The Louvre: An Exercise in Empathy

Ah, The Louvre! Arguably the world’s most famous museum! Home to the Mona Lisa, Winged Victory, The Code of Hammurabi and Napoleon III’s apartments. A building filled with more history and knowledge than even the world’s greatest geniuses could consume. But here’s the catch: it’s all in French.

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I didn’t notice this until I walked into my first exhibit: a room filled with gorgeous scultpures. I realized when I was at the free museums in Liverpool just how much I love sculptures and reading the plaques that come with them so I get a sense ofIMG_0951 what each statue is thinking and living through. But when I went to understand the sculptures better in The Louvre, I was met with French descriptions.

At first, I was a bit disappointed—all these incredible pieces of art, and I didn’t know what they meant? But then I remembered an old mantra: art is what you make it. And I realized that the beautiful thing about art is that each viewer can interpret it in whatever way they wish—good pieces of art can have dozens of different meanings for different people, and that’s the beauty of it, right? So, I decided that that afternoon, I was going to connect with the art in the Louvre on a level I’m sure many art goers never have: a personal level.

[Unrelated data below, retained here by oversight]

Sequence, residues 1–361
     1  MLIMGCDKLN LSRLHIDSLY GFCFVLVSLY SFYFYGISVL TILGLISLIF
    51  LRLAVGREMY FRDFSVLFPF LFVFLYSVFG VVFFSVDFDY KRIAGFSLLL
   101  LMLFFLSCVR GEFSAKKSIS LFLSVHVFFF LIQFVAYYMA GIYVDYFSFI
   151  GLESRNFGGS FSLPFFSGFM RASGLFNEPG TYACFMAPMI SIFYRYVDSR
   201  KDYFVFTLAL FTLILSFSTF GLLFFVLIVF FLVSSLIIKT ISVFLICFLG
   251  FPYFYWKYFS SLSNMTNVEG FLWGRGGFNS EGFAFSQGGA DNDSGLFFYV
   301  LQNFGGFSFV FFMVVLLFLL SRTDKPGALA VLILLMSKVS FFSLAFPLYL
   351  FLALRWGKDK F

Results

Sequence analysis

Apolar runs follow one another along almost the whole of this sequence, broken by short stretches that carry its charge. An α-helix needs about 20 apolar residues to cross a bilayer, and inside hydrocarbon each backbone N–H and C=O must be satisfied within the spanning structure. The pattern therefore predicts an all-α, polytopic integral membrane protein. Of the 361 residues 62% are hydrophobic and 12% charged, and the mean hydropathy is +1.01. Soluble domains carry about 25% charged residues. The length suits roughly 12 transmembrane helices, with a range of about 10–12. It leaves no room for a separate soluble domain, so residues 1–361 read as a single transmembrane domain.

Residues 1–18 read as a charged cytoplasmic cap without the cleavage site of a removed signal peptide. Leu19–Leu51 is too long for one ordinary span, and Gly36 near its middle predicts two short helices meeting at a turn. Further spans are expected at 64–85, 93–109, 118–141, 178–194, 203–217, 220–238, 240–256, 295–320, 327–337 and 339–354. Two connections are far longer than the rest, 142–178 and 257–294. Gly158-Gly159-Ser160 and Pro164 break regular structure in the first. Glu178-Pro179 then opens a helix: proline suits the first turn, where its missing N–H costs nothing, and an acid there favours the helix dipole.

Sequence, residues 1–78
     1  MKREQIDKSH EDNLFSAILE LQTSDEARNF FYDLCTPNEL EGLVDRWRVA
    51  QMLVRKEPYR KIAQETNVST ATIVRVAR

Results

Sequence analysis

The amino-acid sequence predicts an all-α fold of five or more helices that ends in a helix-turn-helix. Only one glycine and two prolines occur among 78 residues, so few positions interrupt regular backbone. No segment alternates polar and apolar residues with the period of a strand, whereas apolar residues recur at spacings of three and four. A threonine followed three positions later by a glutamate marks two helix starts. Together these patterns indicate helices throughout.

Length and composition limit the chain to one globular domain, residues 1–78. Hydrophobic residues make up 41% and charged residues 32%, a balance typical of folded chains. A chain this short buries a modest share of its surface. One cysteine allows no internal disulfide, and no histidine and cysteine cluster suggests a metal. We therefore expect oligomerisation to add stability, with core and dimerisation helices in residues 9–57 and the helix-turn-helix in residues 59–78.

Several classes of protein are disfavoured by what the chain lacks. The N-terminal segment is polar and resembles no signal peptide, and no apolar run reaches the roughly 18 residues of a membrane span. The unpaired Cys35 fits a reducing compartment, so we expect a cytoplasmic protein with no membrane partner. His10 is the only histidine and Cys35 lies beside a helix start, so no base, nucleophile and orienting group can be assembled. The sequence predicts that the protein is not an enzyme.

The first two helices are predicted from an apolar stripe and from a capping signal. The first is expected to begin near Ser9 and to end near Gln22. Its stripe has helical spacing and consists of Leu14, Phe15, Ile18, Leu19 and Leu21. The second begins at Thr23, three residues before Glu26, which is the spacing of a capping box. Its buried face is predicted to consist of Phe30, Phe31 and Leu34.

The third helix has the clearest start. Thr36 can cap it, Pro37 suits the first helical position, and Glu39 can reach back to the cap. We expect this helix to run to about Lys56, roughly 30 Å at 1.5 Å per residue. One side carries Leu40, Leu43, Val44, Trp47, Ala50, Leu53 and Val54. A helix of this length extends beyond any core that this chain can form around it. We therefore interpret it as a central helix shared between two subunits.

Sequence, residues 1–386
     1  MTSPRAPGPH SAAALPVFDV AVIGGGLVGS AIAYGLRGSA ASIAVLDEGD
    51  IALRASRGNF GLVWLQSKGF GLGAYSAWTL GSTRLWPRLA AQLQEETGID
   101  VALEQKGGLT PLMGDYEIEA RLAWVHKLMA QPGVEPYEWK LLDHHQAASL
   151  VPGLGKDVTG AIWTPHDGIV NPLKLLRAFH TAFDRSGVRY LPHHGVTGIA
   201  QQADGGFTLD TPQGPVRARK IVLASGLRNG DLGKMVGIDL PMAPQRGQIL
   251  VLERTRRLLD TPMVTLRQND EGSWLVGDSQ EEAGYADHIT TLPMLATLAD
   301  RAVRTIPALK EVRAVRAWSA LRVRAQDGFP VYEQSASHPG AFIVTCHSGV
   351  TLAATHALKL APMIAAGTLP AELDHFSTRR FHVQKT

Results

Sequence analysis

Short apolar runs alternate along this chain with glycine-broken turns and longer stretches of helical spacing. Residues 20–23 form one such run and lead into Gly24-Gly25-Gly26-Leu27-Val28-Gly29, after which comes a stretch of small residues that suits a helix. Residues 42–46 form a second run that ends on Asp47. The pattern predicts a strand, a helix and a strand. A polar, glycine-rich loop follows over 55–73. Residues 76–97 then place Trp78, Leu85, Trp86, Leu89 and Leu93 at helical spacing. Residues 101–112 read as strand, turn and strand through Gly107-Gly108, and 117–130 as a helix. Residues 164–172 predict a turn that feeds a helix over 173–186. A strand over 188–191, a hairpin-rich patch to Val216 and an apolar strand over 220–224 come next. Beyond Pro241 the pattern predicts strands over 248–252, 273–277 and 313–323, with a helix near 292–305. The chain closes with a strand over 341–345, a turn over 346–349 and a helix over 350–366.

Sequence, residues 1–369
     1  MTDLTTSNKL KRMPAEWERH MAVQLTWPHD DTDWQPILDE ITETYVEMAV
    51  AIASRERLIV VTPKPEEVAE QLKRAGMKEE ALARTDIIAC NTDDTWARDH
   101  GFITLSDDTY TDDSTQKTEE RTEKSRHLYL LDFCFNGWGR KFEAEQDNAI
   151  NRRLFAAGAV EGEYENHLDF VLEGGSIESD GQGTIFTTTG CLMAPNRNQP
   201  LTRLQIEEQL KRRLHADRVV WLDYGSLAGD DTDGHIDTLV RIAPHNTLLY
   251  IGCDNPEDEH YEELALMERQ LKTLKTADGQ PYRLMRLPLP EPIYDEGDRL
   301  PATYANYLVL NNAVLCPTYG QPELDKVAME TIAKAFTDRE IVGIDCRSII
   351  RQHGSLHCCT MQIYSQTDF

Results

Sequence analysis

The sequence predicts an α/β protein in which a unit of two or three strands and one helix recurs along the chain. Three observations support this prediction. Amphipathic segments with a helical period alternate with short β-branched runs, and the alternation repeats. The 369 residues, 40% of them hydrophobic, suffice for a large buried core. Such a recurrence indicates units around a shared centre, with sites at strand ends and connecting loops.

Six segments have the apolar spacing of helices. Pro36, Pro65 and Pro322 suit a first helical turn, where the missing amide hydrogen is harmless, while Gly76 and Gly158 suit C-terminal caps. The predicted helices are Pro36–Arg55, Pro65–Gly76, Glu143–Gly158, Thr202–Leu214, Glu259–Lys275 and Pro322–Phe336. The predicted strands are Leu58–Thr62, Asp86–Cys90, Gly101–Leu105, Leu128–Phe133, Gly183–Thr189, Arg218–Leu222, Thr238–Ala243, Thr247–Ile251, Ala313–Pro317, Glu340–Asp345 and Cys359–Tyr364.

1. Engaging in a staring contest with this Egyptian statue.

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2. Sympathizing with this guy, trying to brighten his day a little. He seems a little bue-green.IMG_0948

3. Feeling the chill with this guy.

IMG_09504. Reading my texts with this guy.IMG_0952

5. Trying to steal the Hail Mary pass from these guys.IMG_0954

6. Feelin’ mysterious with The Mona LisaIMG_0967

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7. Trying to figure out what, exactly, is going on over there with this Egyptian statue.

3 thoughts on “The Louvre: An Exercise in Empathy

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